Top 10 richest countries in the world
In the next top ranking, we publish information about the richest countries in the world in terms of GDP per capita. The countries on this list represent Asia, Europe, North America and Australia. There is not a single representative from Africa and South America.
GDP (PPP) per capita: $ 43,073
Australia, occupying an entire continent, is the most important country in the region, which includes, in addition to the already mentioned country, also New Zealand and many tiny island states, the economy of which is almost entirely dependent on Australia.
The main revenues to the country’s budget come from tourism, education and banking services – about 70%, and agriculture also makes a significant contribution to the country’s economy.
GDP (PPP) per capita: $ 43,472
Canada is like Australia, only in the north, or Australia is like Canada, only in the south. The countries are really very similar in terms of social and economic level. By the way, it is in Canada and Australia that the best cities in the world to live are located, these two countries account for seven cities out of the top ten.
8. San Marino
GDP (PPP) per capita: $ 44,605
In terms of GDP per capita, it is richer than both Canada and Australia. The main income is tourism, about 3 million people visit this small area annually, as well as agriculture, manufacturing and banks. San Marino consists of 30 settlements. The largest of which – Serravalle, is home to only 9 thousand people, and in the capital of San Marino about 4500 people.
San Marino is the smallest country on the list of the richest countries in the world.
GDP (PPP) per capita: $ 46,430
Switzerland is a mysterious country, so, for example, they joined the UN only in 2002, they are not members of the EU and NATO, which is not typical for Western European countries. However, Switzerland has a fairly large political weight in the world community. Many headquarters of international organizations and courts are located in this country, including FIFA, UEFA, IOC, International Court of Arbitration for Sport and many others.
Swiss banks are the most attractive for international transactions, thanks to the political and economic stability in the country, as well as banking secrecy. So, Zurich is one of the world’s financial centers. About 15% of the country’s budget revenue comes from the tourism industry. Swiss cheese and Swiss watches are known all over the world. This is how they live 🙂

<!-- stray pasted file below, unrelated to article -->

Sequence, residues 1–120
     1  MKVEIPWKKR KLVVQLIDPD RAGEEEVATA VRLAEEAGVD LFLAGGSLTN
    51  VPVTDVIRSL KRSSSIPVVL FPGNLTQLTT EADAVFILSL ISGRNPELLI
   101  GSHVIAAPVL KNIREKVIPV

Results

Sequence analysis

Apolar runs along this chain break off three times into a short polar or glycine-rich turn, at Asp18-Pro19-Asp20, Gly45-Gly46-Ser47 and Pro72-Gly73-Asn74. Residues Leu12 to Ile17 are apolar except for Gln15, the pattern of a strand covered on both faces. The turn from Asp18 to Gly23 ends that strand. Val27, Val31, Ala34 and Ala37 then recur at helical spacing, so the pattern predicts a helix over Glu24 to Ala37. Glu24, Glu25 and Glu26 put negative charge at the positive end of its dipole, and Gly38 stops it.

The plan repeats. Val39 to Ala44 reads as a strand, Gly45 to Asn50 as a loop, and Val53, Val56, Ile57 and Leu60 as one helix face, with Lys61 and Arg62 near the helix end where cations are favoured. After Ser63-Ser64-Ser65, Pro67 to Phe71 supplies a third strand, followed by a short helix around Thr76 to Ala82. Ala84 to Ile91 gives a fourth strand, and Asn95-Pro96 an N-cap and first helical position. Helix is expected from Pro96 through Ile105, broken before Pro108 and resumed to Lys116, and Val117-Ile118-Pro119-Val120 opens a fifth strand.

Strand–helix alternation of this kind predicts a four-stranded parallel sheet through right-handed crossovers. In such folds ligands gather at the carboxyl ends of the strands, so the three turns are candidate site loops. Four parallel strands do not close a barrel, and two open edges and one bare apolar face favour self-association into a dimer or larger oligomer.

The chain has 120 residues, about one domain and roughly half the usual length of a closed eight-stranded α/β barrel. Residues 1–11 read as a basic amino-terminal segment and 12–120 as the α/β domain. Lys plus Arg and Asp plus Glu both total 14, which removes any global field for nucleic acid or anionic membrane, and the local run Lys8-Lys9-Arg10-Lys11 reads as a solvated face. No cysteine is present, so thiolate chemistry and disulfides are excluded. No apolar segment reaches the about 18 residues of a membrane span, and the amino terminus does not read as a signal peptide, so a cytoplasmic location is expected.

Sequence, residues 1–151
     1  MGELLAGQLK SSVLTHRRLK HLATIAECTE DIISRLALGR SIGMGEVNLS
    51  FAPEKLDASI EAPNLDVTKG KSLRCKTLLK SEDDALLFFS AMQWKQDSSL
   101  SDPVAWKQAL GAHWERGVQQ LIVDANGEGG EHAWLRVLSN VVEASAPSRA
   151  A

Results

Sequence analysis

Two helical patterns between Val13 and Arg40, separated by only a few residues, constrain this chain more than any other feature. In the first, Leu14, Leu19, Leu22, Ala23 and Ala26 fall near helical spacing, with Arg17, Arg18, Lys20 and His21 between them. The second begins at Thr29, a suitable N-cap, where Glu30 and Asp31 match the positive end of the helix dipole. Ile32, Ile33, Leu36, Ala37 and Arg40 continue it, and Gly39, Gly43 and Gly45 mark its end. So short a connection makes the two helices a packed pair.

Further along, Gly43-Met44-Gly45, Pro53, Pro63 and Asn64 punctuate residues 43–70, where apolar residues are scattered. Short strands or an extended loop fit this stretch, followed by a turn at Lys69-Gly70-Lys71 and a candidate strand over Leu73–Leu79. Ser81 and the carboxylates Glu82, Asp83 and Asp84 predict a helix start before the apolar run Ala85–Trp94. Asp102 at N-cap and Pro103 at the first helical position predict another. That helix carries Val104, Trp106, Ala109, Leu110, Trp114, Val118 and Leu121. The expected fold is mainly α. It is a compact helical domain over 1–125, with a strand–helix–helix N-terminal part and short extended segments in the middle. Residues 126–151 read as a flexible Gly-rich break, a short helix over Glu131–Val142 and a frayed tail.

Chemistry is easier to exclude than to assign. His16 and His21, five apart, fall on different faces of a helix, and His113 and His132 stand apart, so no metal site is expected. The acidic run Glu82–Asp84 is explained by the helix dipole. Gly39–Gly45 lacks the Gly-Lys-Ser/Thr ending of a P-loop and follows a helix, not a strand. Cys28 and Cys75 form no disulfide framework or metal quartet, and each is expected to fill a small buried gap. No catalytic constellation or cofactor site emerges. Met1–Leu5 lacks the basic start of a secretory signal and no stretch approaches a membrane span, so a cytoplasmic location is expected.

GDP (PPP) per capita: $ 53,101
The US economy is the largest in the world, at the beginning of the 20th century, the states’ GDP accounted for 10% of the entire world, after the Second World War, about half, but with the rapid growth of Western European economies in the sixties, the share of the United States fell to a quarter of world GDP, and has remained so at the same level.
The US currency, the dollar, has the greatest circulation around the world, and it is with the help of it that most international currency transactions are carried out.
Developed countries are also characterized by a developed transport network, for example, in the United States there are 3 of the 10 largest airports in the world and several of the largest cities on our planet.
GDP (PPP) per capita: $ 53,431
Brunei is an oil and gas giant in Southeast Asia, despite its small size. The country is one of the five leaders in terms of supplies of liquefied gas. A small population (400 thousand people) and wealth in natural resources give such a large indicator of the country’s GDP per capita.
GDP (PPP) per capita: $ 54,947
Norway is an oil and gas giant in another corner of the world – Europe. Oil exports are the main source of income for Norway. Most of the income goes to social security for citizens, as well as funds for future generations. In addition, Norway is considered the happiest country in the world .
GDP (PPP) per capita: $ 64,584
Singapore, which was a few decades ago the poorest country with nothing. Thanks to the reforms carried out by Lee Kuan Yew, he became one of the main financial centers in the world and one of the most influential countries in the region. And all this, despite the almost complete absence of any resources, including drinking water.
GDP (PPP) per capita: $ 78,670
A small country with a population of 500 thousand people. The economic boom took place in the sixties, due to the extraction of iron ore and the production of steel. Currently, the bulk of Luxembourg’s income is generated by banks and financial services.
GDP (PPP) per capita: $ 98,814
Qatar is a small country that lives mainly on the production and export of gas and, to a lesser extent, oil. This made Qatar the richest country in terms of GDP per capita. In recent years, the Qatari government has been trying to attract investment in other non-energy sectors of the economy.